What would a church without walls look like? Given the tagline of this blog, you might think that this is something that I have some definite ideas about.
I usually find it difficult to articulate what a church without walls might look like, beyond following Jesus’ example by maintaining a healthy scepticism about religious institutions, living simply, and making sure that everyone, especially the poor, have enough.
(I’m not saying a ‘church without walls’ is limited to those three features. They are just a start …)
But once in a while I see a concrete example of what a church without walls looks like, here and now in the real world.
That latest example comes from Indonesia, the most populous Muslim nation on earth (96% Muslim). There, a feisty Irish priest called Fr Charlie Burrows is living out that type of church.
Burrows is a priest with Oblate Mission Development, an office of the Oblates of Mary Immaculate. He has served in Chilachap on Java’s southern coast for the past 40 years, spearheading a sustainable development programme in the region which has included building roads, dykes, schools, a maritime academy, and establishing banks.
The introduction to the RTE programme describes him as a 68-year-old Irish priest who is ‘working miracles’ and a ‘maverick who uses the power of money for the common good.’ It notes that the empire Fr Burrows has built is worth millions, but he does not profit from it.
Fr Burrows says that he prefers robbing the rich to pay the poor, and thinks that ‘the fellow up above would agree with me.’ He adds that ‘I think the man above thinks I’m a bit of a crook,’ but says he sees it as his duty to respond to the immediate, pressing needs that he sees all around him:
‘If someone has no bloody house they need a house, they don’t need a meeting about it.’
Illustrating a healthy scepticism towards religious institutions and their institutional goals, the programme also reveals that Fr Burrows has been criticized by some fellow Catholics for not being religious enough. In one story shared on the programme, a superior asks Fr Burrows when he is going to start ‘teaching religion.’
Fr Burrows says that he replied: ‘I’m not,’ and goes on to explain that:
‘A missionary is witnessing. If I have an agenda, I want these people to become Catholics, that’s not the loving Jesus wants. It has to be unconditional.’
As explored in the YouTube clip from the programme below, even this softly-softly ‘Witness’ rather than ‘Mission’ approach has at times made Fr Burrows a target of fundamentalist Islam. It also highlights how those who oppose him feel threatened when they see Christians doing good, because it upsets their comfortable caricature of Christianity as a ‘bad’ religion.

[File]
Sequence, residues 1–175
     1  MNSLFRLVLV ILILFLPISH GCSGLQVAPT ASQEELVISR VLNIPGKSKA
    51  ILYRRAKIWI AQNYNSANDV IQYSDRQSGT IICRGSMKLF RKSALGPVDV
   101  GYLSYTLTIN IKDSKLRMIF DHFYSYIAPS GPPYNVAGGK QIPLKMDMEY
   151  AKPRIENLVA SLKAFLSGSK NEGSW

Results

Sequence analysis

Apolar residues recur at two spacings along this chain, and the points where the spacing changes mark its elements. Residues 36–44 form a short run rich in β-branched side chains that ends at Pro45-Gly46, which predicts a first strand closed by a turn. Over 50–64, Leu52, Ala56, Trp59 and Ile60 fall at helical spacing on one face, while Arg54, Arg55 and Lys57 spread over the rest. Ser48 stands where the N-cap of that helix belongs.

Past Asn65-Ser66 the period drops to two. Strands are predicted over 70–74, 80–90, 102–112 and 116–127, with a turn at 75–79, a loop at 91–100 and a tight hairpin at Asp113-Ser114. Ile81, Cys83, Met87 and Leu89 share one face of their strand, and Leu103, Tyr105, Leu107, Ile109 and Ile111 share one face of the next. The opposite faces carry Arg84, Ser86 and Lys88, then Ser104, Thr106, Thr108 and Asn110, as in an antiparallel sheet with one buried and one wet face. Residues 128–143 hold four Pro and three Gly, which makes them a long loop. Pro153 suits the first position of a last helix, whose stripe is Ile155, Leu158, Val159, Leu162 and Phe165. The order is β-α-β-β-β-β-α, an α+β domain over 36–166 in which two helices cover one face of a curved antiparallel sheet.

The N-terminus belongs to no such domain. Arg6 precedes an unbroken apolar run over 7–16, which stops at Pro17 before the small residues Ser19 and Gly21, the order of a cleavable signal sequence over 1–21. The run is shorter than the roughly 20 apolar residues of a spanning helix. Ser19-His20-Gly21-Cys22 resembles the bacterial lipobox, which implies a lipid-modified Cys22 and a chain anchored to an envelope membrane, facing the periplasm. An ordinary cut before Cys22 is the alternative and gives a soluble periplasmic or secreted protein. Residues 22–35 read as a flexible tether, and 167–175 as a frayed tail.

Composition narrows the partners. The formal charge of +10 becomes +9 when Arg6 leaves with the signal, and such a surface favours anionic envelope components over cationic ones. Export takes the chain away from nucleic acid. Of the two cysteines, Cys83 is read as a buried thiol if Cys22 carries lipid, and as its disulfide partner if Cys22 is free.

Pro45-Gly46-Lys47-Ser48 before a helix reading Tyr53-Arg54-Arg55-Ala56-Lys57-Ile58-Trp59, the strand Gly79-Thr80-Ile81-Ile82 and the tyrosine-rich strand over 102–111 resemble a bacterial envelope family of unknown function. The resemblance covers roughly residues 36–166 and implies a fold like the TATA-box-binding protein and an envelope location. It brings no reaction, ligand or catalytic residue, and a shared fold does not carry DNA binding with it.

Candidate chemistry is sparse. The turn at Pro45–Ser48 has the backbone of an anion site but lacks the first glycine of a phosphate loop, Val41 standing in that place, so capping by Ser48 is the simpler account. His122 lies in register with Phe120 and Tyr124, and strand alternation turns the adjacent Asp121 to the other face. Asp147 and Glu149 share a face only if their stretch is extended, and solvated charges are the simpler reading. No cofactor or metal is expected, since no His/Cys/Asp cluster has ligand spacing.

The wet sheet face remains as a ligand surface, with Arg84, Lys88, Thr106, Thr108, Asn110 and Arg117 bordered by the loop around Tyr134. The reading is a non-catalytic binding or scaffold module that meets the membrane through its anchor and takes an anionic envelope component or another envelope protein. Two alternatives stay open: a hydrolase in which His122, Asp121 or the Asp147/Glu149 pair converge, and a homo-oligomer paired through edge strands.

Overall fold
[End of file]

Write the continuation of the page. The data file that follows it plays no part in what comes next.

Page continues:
Fr Burrows’ emphasis on Christianity in deed rather than Christianity in word reminds me of Peter Rollins’ recent blog post (‘I believe in child labour, sweat shops and torture) on how your actions, rather than what you say you believe, demonstrate what your true beliefs really are.
And Fr Burrows, for his part, understands why the activities of missionaries might be met with hostility:
‘If I was in Islam and went into Ireland and started building schools and clinics and roads, they’d tell me to f***-off.’
But the programme indicates that Fr Burrows is largely respected by the Indonesians he lives among, including most Muslim leaders. His respect has been won over many years of consistent witness in loving the community through his deeds – putting others’ needs first.
For me, Fr Burrows embodies a material expression of Christianity, a Christianity that sees Christ’s mission of love as bound up with all the pain and messiness of this world. It’s Fr Burrows’ willingness to get his hands dirty working alongside the poor, rather than amassing material goods and honours for ‘Christ’s sake’ that looks to me like a church without walls.
Burrows explains it this way:
Religion is the problem. Religion has been responsible for an awful lot of evil in the world … and an awful lot of good, yeah … The crusades – Jesus said he definitely didn’t want a material kingdom, yeah? And then they go and start killing people in order to get back the Holy Land. And there was a Pope behind it. That’s stupid, yeah. And totally against what Jesus wants. He doesn’t want a physical kingdom, it’s a spiritual kingdom, yeah.